From writer/director Miles Doleac comes The Dinner Party. Starring Bill Sage, Jeremy London, Anne Williams, Mike Mayhall, Alli Hart and Ritchie Montgomery.
A classy, sexy, stylish and violent horror that takes many a surprising turn. Held up by strong performances, top effects and a gleeful finale.
It sees playwright Jeffery Duncan (Mike Mayhall) and his wife Haley (Alli Hart) arrive at a dinner party hosted by renowned surgeon Carmine Braun (Bill Sage). The party is for Jeffery to try and secure funding for his latest play and sees a whole host of eccentric personalities joining the fray.
The upper class of the art and cultural world, few are likeable but that’s kind of the point. Each introduced in their own unique and decadent way. Jeffery is desperate to fit in amongst these people much to the chagrin of his wife who is uncomfortable and out of place.
She has good reason to feel that way too. For as the night goes on and conversations turn to the occult, the true purpose of the dinner party is revealed. One that involves blood… a lot of blood.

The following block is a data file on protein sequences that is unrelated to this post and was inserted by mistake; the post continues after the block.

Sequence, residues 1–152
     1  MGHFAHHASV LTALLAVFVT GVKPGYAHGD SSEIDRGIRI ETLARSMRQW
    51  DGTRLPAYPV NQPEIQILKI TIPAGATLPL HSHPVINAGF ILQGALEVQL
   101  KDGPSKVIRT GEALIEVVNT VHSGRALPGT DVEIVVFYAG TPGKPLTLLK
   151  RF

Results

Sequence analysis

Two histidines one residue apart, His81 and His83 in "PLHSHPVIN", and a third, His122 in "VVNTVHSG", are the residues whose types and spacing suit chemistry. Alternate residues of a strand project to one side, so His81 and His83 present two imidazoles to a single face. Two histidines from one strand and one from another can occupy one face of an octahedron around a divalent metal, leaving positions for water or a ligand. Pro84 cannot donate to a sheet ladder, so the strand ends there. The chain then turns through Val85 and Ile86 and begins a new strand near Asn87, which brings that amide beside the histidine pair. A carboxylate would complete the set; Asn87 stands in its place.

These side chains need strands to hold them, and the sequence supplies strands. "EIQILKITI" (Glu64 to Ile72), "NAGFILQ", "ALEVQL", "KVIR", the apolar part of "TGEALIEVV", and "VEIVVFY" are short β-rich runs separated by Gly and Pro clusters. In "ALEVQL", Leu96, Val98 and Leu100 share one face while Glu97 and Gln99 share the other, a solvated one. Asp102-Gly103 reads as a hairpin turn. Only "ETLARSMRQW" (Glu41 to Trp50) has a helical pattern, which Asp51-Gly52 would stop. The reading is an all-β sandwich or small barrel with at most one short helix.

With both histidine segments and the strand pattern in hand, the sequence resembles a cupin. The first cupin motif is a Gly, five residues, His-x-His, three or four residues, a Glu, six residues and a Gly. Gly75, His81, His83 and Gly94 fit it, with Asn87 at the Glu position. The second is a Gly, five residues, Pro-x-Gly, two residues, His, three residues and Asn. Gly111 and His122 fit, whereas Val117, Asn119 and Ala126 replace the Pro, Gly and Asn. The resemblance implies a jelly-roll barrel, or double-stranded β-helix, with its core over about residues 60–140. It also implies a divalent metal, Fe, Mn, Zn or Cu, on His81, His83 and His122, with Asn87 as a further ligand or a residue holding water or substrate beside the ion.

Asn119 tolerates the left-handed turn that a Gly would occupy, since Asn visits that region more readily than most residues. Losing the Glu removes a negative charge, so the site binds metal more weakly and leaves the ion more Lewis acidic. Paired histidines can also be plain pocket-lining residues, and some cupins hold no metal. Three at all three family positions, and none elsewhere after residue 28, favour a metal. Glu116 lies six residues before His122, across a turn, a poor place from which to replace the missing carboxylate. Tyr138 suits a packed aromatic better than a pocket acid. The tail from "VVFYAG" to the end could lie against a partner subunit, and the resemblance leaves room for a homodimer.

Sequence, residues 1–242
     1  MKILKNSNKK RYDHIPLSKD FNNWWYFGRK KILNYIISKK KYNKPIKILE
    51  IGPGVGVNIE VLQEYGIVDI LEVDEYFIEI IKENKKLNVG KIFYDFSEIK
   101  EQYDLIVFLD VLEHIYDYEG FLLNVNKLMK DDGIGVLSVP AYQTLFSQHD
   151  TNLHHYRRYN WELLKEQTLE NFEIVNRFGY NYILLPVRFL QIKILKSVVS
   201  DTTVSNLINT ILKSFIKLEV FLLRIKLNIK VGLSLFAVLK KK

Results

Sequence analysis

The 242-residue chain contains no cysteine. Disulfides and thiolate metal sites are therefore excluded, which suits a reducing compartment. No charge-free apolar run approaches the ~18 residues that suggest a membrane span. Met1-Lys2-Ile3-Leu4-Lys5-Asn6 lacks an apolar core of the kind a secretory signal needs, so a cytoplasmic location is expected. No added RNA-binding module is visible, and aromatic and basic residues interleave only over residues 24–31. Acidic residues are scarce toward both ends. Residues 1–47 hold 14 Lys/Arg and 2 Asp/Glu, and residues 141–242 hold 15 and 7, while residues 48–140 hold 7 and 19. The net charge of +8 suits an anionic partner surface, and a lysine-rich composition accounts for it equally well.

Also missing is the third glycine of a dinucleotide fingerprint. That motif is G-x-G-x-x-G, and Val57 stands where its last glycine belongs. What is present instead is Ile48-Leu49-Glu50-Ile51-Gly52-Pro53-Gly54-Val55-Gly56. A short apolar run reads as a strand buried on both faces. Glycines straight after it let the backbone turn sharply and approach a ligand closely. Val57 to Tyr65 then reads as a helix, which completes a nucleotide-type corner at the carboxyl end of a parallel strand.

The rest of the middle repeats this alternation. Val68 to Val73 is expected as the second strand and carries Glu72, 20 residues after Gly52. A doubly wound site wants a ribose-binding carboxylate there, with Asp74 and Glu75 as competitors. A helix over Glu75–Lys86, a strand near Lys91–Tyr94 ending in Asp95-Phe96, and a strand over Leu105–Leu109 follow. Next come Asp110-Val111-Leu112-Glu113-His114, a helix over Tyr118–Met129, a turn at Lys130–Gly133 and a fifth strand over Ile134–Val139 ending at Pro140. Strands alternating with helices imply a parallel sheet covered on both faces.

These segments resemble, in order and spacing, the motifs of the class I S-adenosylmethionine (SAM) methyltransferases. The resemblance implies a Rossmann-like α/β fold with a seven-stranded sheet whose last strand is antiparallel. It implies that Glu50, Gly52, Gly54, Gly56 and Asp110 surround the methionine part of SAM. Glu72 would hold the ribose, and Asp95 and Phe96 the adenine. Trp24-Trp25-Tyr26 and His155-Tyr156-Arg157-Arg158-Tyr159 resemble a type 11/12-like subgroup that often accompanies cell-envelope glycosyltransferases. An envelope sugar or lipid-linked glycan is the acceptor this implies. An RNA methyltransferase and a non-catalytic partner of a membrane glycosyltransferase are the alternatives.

A slow-burn of a horror, The Dinner Party makes it clear early on that this is not going to be a normal dinner party. However, it still manages to hold back enough that when things do take a dark turn, it’s still shocking.
A lot of this can be laid at the feet of the actors involved. A stellar bunch who really embody the disconnected elite characters they are supposed to play. They ooze class but are also a resentful and bitter bunch. The scenes at the dinner table where they share stories is captivating.
The anticipation for violence and gore builds and when it is unleashed it is in great fashion. As we said, The Dinner Party is a violent movie and pulls no punches with what it implies and shows.
When the inevitable tables are turned, we get an extra notch as the film becomes more frantic. This is a film where you’ll be cheering on the would be victim and hoping our cast of villains get their comeuppance.
It’s thoroughly enjoyable with only a few scenes feeling unnecessarily padded out and the introduction of a corrupt cop not hitting the mark. The latter could have been removed completely and it wouldn’t have made a difference.
Aside from that, The Dinner Party is recommended viewing.
The Dinner Party